Do you shut down negative feedback? Trying to keep things quiet doesn’t make them go away—and most of the time it doesn’t even work. Make yourself listen to the good and the bad, because what you don’t own will end up owning you.

    Are you unapproachable? As a leader, you should be both approachable and accessible. You can’t lead when you’re closed in.

    If you’re concerned that defensiveness is harming your leadership, get your ego out of the way and start working through to the honesty and integrity that foster great leadership.

    Lead from within: Defensiveness is a sign of failure. You can’t move forward in your leadership until you overcome it.

     


    #1 N A T I O N A L   B E S T S E L L E R

    The Leadership Gap
    What Gets Between You and Your Greatness


    After decades of coaching powerful executives around the world, Lolly Daskal has observed that leaders rise to their positions relying on a specific set of values and traits. But in time, every executive reaches a point when their performance suffers and failure persists. Very few understand why or how to prevent it.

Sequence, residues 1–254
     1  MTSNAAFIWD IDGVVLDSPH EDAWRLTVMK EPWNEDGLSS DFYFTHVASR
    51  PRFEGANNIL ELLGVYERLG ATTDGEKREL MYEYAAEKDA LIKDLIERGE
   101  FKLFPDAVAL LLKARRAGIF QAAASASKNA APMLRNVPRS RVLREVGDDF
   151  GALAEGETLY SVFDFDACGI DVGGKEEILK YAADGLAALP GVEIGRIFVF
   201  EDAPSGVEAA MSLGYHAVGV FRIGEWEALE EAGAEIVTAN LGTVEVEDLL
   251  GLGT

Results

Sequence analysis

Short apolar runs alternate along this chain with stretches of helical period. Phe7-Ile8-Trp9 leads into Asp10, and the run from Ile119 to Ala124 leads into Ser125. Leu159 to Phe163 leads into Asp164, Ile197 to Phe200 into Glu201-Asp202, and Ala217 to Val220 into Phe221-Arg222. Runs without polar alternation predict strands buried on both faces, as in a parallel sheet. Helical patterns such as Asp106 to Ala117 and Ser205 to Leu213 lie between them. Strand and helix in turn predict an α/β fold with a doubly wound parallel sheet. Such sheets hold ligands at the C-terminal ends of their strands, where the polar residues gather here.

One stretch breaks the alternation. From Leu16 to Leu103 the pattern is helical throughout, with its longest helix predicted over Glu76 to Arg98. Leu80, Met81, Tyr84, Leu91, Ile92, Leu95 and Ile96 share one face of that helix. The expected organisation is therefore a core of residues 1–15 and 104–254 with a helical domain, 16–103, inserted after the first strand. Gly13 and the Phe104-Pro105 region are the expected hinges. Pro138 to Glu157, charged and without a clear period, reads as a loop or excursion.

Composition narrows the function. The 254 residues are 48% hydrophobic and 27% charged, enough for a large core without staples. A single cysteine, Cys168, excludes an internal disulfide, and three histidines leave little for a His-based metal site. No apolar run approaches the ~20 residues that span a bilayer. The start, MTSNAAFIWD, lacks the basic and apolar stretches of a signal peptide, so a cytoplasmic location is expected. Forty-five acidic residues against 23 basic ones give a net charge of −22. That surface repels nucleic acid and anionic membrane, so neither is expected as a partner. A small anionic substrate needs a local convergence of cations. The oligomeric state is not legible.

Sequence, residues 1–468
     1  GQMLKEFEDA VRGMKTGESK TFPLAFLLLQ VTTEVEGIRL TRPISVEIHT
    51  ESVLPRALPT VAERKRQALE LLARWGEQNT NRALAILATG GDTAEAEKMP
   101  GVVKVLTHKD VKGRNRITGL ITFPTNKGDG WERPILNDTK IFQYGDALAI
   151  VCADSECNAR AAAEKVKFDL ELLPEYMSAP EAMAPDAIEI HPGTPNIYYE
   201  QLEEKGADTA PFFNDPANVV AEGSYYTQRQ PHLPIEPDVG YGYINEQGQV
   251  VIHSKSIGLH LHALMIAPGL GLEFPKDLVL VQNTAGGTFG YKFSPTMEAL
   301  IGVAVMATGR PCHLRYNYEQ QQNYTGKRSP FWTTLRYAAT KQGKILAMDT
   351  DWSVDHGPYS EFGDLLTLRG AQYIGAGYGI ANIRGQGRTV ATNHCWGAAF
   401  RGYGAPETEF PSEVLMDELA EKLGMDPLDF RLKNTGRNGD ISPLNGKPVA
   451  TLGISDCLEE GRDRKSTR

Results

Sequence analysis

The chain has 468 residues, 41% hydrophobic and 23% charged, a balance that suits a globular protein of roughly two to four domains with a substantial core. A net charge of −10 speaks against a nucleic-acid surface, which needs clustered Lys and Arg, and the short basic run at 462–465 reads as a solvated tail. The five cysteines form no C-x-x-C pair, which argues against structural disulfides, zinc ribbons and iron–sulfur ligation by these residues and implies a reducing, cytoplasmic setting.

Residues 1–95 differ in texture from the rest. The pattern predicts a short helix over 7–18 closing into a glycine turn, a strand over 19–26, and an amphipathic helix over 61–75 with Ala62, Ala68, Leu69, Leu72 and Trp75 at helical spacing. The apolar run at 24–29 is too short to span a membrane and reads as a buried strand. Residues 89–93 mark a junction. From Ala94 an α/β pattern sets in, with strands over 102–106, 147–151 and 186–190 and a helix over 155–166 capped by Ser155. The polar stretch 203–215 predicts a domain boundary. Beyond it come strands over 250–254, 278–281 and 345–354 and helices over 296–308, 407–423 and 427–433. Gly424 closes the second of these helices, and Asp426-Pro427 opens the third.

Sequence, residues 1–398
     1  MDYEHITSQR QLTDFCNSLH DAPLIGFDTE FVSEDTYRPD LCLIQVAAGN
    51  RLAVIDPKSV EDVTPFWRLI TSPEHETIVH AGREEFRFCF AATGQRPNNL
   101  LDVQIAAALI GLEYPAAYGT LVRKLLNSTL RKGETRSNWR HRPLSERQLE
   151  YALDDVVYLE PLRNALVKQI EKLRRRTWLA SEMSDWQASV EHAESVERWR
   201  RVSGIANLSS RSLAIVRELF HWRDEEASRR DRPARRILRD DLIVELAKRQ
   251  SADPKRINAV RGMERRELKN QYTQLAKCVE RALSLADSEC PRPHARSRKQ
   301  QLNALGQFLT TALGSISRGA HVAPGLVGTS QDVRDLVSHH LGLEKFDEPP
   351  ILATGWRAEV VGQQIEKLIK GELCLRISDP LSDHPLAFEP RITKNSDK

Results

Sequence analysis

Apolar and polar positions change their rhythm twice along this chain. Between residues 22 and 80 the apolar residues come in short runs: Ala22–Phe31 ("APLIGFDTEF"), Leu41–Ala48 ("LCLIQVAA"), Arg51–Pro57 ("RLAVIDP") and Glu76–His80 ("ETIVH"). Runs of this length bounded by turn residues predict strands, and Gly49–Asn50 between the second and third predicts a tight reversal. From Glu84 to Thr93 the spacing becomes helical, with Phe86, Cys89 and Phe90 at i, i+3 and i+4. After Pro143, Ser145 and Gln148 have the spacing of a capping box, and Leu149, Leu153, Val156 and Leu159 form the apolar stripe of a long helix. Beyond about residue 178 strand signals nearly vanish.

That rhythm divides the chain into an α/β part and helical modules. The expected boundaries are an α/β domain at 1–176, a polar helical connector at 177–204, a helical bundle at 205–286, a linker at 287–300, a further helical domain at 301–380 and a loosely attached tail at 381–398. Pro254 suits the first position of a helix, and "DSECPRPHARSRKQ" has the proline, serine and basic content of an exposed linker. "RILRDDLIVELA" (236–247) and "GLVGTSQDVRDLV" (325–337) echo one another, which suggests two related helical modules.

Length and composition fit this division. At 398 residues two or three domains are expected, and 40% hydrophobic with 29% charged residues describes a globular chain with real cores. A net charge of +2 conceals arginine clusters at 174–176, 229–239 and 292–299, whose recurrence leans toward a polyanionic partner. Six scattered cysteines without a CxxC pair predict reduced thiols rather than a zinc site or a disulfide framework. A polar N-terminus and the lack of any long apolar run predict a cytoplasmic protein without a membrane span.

buy now

     


    Additional Reading you might enjoy:

     

    Photo Credit: iStockPhotos

    The post This One Trait Will Destroy Your Leadership appeared first on Lolly Daskal.

     
  • feedwordpress 09:00:57 on 2020/01/30 Permalink
    Tags: , , , , Life Balance, , , , ,   

    Learn How the Best Leaders Know How to Read People 


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    Knowing how to read people is an important leadership skill. A big part of leadership is the ability to manage groups of diverse individuals, and the key to making that work is developing your ability to see differences in people so you can employ those differences for everyone’s benefit.

    Here are some of the techniques top leaders use in reading people:

    They start with understanding themselves. The best leaders know that to truly understand others, they have to first spend the time to understand themselves. They seek out feedback so they can discover their strengths and weaknesses, and they cultivate self-awareness by considering how their words and actions affect themselves and others.